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Children's LiteratureParents and others living or working with children will find this book a helpful resource. The author, a mother with a broad background in child development, works as an occupational therapist. The book presents creative games and activities to lighten the mood or spirit of a person or group. The games are coded for age groups in sections labeled for mental outlook. For "Young Ones" in the "More Joy, Please!" section it is suggested that the young child enjoy a place of refuge under a table or in an empty appliance box, where special things can be kept, such as a pillow, blanket, or paper and markers. For "Middle Ones" in the "Making Magic" section directions are given for asking leading questions to help the child see her dream of life more clearly. For "Older Teens" in the "When I'm Angry" section, a set of cards with sentences which could change his mood may be drawn out of a box. Some sentences can be helpful, such as—"I was doing my best," "Bad times don't last forever," or "I can love myself even if I am not perfect." For "All Ages" in the "When I'm Sad" section family songs may be helpful in times of sorrow. The title may put some people off, but this book provides many unusual and fresh ideas to improve relationships. 2002, John Wiley & Sons, Ages adult.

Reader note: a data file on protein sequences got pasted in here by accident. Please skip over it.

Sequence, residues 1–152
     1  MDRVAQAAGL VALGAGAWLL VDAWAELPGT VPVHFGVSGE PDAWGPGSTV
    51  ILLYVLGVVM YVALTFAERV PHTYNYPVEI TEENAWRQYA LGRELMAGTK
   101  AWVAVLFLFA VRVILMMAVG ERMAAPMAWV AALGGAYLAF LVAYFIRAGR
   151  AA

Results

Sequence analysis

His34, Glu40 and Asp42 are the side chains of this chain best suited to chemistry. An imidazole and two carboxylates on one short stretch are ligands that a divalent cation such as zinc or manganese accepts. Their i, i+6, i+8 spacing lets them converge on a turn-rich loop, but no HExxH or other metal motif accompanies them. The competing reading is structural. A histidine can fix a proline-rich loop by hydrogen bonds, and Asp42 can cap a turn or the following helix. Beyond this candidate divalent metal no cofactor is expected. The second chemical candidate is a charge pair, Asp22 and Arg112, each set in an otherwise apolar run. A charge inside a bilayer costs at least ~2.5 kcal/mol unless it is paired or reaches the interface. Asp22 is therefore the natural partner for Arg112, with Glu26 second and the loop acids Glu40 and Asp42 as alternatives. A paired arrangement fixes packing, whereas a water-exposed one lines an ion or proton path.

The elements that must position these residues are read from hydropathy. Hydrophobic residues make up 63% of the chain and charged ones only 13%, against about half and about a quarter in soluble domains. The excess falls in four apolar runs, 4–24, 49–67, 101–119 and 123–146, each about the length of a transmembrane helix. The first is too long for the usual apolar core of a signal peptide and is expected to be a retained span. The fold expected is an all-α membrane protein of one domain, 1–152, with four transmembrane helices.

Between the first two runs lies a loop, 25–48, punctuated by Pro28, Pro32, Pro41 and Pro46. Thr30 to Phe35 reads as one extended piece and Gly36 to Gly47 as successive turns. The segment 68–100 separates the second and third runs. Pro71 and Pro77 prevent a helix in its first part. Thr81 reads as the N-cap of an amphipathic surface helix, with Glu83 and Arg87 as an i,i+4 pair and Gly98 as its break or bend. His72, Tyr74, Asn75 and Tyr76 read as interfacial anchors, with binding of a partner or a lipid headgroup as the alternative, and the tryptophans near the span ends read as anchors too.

— Carlee Hallman